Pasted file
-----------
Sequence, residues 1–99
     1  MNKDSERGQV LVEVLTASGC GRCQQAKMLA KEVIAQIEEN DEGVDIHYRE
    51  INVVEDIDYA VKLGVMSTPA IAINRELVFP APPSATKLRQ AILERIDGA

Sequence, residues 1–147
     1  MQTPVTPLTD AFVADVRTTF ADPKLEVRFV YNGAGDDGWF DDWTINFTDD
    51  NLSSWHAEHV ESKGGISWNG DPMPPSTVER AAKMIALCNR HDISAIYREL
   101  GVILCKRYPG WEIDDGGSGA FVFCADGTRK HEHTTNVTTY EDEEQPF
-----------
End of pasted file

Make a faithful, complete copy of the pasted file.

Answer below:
Sequence, residues 1–99
     1  MNKDSERGQV LVEVLTASGC GRCQQAKMLA KEVIAQIEEN DEGVDIHYRE
    51  INVVEDIDYA VKLGVMSTPA IAINRELVFP APPSATKLRQ AILERIDGA

Sequence, residues 1–147
     1  MQTPVTPLTD AFVADVRTTF ADPKLEVRFV YNGAGDDGWF DDWTINFTDD
    51  NLSSWHAEHV ESKGGISWNG DPMPPSTVER AAKMIALCNR HDISAIYREL
   101  GVILCKRYPG WEIDDGGSGA FVFCADGTRK HEHTTNVTTY EDEEQPF